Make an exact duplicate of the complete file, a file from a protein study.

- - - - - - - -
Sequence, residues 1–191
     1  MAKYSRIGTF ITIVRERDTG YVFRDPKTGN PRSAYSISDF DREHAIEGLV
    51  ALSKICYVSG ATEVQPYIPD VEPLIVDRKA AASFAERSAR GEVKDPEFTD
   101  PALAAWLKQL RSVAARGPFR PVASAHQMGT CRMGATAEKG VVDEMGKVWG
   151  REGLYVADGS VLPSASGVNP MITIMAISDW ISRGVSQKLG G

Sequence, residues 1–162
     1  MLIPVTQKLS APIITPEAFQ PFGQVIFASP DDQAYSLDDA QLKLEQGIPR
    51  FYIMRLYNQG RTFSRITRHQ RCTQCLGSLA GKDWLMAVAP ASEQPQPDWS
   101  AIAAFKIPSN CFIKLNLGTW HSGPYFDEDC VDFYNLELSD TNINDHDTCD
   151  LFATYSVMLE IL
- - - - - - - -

Sequence, residues 1–191
     1  MAKYSRIGTF ITIVRERDTG YVFRDPKTGN PRSAYSISDF DREHAIEGLV
    51  ALSKICYVSG ATEVQPYIPD VEPLIVDRKA AASFAERSAR GEVKDPEFTD
   101  PALAAWLKQL RSVAARGPFR PVASAHQMGT CRMGATAEKG VVDEMGKVWG
   151  REGLYVADGS VLPSASGVNP MITIMAISDW ISRGVSQKLG G

Sequence, residues 1–162
     1  MLIPVTQKLS APIITPEAFQ PFGQVIFASP DDQAYSLDDA QLKLEQGIPR
    51  FYIMRLYNQG RTFSRITRHQ RCTQCLGSLA GKDWLMAVAP ASEQPQPDWS
   101  AIAAFKIPSN CFIKLNLGTW HSGPYFDEDC VDFYNLELSD TNINDHDTCD
   151  LFATYSVMLE IL